Experts: 'Weed Out' Classes Are Killing STEM Achievement

Classes designed to make students fail are making students switch majors at alarming rates, experts say.

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Not enough American students are showing interest in studying for degrees in science, technology, engineering and math, but what experts are more shocked by is the fact that colleges are throwing out the students who are interested.

Nearly half of all students who begin studying for a STEM degree switch majors, according to several studies. "Weed-out" classes, curve grading and a lack of faculty involvement are to blame, experts said at a Bayer Corporation forum on STEM in higher education in Washington Wednesday.

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"We need to wash out the 'weed-them-out orientation' in the classroom," says Mary Fox, co-director at the Center for Study of Women, Science and Technology at Georgia Tech. "That is not a hospitable climate for students, we have to teach students to move along rather than have them sink or swim."

Many veteran STEM professors believe science should be hard, and the course work isn't something every student can do. For them, difficult freshman-year classes separate the cream of the crop.

But in a country where more scientists are desperately needed, that culture needs to change, says Freeman Hrabowski, president of the University of Maryland Baltimore County. Hrabowski was named as one of TIME Magazine's 100 most influential people earlier this week for the University's success in graduating minority students in STEM.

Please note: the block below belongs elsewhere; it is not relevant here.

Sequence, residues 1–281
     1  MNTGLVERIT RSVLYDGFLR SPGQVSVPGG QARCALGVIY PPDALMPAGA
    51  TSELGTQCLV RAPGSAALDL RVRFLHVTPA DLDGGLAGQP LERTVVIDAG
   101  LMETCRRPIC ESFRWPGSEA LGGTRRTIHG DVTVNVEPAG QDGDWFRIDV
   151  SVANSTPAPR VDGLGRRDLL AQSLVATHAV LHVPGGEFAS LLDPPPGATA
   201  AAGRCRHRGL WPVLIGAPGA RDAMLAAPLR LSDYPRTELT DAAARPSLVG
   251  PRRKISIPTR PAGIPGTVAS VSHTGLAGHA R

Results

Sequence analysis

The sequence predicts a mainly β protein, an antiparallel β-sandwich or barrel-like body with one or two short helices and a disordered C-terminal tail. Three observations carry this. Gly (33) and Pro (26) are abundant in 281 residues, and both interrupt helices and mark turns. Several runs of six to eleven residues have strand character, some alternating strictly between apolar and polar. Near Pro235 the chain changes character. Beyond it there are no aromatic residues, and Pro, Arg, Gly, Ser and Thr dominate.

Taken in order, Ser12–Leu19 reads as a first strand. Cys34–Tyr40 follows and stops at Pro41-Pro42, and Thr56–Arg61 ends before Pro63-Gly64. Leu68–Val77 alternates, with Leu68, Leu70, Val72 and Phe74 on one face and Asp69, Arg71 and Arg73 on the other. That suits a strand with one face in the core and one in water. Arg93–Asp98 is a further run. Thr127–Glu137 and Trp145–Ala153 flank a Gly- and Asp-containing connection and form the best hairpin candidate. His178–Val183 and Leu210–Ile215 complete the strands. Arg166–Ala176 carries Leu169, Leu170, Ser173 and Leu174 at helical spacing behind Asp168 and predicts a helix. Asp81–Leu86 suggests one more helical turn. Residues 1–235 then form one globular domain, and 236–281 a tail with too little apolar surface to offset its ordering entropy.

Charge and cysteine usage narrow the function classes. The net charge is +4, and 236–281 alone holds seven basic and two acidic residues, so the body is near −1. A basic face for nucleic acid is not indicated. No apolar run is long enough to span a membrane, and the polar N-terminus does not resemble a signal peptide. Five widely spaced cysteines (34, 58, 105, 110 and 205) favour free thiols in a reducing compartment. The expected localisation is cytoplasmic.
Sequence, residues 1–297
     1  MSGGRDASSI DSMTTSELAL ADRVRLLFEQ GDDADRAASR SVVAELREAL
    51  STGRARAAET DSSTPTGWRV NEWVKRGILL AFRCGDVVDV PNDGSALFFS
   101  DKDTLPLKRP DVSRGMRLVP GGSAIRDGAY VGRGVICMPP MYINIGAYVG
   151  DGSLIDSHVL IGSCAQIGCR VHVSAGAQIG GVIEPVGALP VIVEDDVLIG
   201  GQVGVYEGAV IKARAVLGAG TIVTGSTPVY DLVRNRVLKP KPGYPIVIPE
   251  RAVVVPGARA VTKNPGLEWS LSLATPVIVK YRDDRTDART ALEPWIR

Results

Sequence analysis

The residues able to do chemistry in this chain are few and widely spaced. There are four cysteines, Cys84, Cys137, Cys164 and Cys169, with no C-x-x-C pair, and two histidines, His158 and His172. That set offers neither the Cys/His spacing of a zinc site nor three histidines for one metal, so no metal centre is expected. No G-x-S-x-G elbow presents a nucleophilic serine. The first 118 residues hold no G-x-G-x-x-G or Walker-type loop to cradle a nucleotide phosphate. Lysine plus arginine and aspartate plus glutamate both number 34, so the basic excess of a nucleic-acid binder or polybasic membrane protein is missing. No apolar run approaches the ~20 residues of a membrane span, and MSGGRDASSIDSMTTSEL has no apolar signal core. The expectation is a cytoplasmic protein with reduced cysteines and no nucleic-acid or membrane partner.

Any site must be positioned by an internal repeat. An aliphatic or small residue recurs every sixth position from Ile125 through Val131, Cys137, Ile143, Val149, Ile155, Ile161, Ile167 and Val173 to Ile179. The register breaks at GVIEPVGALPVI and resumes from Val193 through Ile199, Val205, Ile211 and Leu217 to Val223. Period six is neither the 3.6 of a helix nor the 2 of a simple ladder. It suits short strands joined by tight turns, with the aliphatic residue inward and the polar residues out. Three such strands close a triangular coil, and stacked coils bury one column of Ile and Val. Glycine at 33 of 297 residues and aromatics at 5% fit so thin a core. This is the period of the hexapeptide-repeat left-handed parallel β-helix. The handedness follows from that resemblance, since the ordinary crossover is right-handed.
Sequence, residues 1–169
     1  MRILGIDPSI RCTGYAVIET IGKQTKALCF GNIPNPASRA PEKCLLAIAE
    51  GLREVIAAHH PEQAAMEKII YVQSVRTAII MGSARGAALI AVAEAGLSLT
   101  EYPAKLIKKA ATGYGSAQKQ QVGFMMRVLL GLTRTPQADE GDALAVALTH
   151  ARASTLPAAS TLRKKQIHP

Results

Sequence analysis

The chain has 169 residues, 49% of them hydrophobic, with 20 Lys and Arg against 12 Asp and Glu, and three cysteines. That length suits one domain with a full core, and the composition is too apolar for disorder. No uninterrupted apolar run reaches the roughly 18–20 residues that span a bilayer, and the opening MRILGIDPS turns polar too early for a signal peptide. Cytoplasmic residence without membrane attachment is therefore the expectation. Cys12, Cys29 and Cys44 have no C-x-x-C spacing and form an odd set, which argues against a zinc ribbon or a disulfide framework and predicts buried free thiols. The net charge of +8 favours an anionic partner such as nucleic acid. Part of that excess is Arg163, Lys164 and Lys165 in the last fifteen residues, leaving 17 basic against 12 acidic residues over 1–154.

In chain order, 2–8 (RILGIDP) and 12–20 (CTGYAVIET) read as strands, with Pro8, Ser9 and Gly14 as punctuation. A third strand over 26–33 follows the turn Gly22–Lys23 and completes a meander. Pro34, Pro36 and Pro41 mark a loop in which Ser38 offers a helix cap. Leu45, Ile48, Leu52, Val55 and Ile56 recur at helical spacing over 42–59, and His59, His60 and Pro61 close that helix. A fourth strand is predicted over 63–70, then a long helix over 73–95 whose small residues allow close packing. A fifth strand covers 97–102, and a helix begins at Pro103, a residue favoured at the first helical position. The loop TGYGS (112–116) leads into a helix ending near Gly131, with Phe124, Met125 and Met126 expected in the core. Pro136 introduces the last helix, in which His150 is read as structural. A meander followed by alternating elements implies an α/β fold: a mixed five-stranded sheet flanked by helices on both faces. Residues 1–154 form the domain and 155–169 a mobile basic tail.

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"Some people believe only a couple people should make it in science and engineering," he says. "The question is—will an institution say there's something wrong with us if we're admitting these students and they're not making it? We have a moral responsibility—if we admit these students in [STEM], we have a responsibility to do much more."

Many higher education faculty members will blame K-12 education for not correctly preparing students for college—more than a third of college freshmen need to take remedial classes—but that's the wrong approach to take.

"A lot of people will say [unprepared freshmen] is the problem of the high schools," says David Seybert, dean of the Bayer School for Natural and Environmental Sciences as Duquesne University. "But we have to be part of that solution."

Hrabowski says that beyond being more nurturing, the tradition of grading science classes on a curve makes them more contentious. Those classes, especially freshman-level classes, should be more collaborative and have more group projects.

"When you grave by the curve, what happens is people don't work together collaboratively," he says. "It stops people from working together and it's making science much more cutthroat."

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